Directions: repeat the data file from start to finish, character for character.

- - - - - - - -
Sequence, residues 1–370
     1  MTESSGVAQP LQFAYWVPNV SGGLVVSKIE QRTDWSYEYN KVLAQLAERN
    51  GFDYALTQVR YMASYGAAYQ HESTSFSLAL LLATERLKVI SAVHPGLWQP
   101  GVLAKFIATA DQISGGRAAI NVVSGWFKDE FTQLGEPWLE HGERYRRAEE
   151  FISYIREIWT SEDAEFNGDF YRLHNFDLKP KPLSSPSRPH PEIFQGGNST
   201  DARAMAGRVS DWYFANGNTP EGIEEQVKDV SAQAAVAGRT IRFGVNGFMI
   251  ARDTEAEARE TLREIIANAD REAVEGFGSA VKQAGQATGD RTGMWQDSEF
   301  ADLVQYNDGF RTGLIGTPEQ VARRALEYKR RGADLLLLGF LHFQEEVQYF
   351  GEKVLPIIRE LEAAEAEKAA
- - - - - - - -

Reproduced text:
Sequence, residues 1–370
     1  MTESSGVAQP LQFAYWVPNV SGGLVVSKIE QRTDWSYEYN KVLAQLAERN
    51  GFDYALTQVR YMASYGAAYQ HESTSFSLAL LLATERLKVI SAVHPGLWQP
   101  GVLAKFIATA DQISGGRAAI NVVSGWFKDE FTQLGEPWLE HGERYRRAEE
   151  FISYIREIWT SEDAEFNGDF YRLHNFDLKP KPLSSPSRPH PEIFQGGNST
   201  DARAMAGRVS DWYFANGNTP EGIEEQVKDV SAQAAVAGRT IRFGVNGFMI
   251  ARDTEAEARE TLREIIANAD REAVEGFGSA VKQAGQATGD RTGMWQDSEF
   301  ADLVQYNDGF RTGLIGTPEQ VARRALEYKR RGADLLLLGF LHFQEEVQYF
   351  GEKVLPIIRE LEAAEAEKAA